Brooklyn Sanctuary - Conservation Programs
Controlling weeds (rubber vine) with fire
The topographic and climatic variation within Brooklyn supports a rich diversity of ecosystems.
In total, the property supports a minimum of 71 ecosystems including 40 threatened ecosystems.
The ecosystems found on Brooklyn include several rainforest types: tall wet sclerophyll forests; white mahogany and lemon-scented gum woodlands; a gallery forest of giant melaleucas along the Mitchell River; mixed eucalypt woodlands; and lakes on alluvial plains.
In terms of overall plant diversity, the eastern end of Brooklyn captures part of one of the most biodiverse areas of the Wet Tropics Bioregion, which in turn is one of the richest regions in Australia.
While most of the property has not been subject to any botanical survey, it is expected to support a large number of rare and threatened plant species.
Features of Significance
Of immense biogeographic interest, Brooklyn contains one of only two populations of the Bunya Pine in north Queensland. Outside of these isolated populations, the nearest occurrence of this spectacular tree is more than 2,000 km away in southern Queensland.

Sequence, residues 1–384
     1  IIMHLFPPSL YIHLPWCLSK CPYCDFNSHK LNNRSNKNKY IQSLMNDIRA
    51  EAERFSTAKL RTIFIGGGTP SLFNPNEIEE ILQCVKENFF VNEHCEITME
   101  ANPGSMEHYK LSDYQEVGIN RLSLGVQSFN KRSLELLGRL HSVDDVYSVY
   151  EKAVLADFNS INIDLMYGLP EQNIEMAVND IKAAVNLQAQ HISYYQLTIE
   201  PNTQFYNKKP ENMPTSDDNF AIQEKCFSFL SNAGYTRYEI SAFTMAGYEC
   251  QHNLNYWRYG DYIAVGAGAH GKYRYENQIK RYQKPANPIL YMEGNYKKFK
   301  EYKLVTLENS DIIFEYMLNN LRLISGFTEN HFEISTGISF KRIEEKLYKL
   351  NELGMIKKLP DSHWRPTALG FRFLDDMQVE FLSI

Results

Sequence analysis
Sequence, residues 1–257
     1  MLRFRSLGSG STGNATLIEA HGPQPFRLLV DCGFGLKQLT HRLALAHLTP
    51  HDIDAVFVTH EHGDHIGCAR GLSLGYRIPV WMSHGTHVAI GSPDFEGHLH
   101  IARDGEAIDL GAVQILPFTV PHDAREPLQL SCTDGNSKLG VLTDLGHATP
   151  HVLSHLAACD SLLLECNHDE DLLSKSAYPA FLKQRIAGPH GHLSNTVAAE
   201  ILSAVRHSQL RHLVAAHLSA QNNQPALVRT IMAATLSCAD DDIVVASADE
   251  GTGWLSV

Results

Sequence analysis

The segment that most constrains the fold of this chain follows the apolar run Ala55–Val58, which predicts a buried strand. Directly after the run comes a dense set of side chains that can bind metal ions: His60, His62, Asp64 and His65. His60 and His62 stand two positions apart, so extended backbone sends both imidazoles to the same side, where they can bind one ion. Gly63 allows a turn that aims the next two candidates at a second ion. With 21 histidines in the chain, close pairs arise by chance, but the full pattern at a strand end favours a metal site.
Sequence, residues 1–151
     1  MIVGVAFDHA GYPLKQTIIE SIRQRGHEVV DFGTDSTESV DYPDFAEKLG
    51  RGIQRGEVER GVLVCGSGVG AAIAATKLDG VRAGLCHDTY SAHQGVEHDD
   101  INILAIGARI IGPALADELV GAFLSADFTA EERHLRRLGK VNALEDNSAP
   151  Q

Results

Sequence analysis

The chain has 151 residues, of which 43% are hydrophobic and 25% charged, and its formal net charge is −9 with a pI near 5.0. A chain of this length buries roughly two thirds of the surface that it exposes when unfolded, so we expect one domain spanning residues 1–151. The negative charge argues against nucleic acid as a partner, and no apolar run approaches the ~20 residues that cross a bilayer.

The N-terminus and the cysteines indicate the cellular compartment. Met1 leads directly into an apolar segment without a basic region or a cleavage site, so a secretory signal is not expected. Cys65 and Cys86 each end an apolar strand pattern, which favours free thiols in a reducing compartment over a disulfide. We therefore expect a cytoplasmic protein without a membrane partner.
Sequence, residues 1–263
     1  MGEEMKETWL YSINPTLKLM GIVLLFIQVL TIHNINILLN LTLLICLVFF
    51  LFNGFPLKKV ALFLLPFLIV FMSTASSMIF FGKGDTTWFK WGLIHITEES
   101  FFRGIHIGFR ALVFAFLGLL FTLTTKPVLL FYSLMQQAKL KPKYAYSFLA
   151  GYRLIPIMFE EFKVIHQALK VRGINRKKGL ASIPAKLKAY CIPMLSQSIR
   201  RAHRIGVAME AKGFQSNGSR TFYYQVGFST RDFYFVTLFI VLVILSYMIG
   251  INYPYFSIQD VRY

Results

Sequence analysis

The Bunya Pine ecosystem found on Brooklyn must be considered one of the rarest and most threatened ecosystems in Queensland. It represents all that remains of extensive forests found in the Wet Tropics region about 40,000 years ago. These forests were modified by climate change, leaving Bunya Pines and other rainforest gymnosperms confined to relict patches. The Bunya Pine community on Brooklyn is therefore of particular significance to the study of the impacts of climate change on our flora.
Brooklyn contains around 50 km of the upper reaches of the Mitchell River. The Mitchell River runs west to the Gulf of Carpentaria. The River is flanked by a threatened ecological community dominated by melaleucas. An assessment of the upper Mitchell River conducted by the Queensland Department of Natural Resources concluded that its conservation value was ‘very good’. The assessment considered factors such as the condition of aquatic vegetation and riparian habitat.
Climate change refugia
Recent evidence, including from scientists at the Rainforest Co-operative Research Centre based in Cairns, suggests that the tropical forests of north Queensland are highly sensitive to climate change. Highland rainforests and their fauna are particularly vulnerable – an increase of only one degree (celsius) is predicted to decrease the area of some habitats by 50%. It is critically important that properties such as Brooklyn, which potentially includes areas that will act as greenhouse refugia for highland species, are protected and managed effectively for conservation.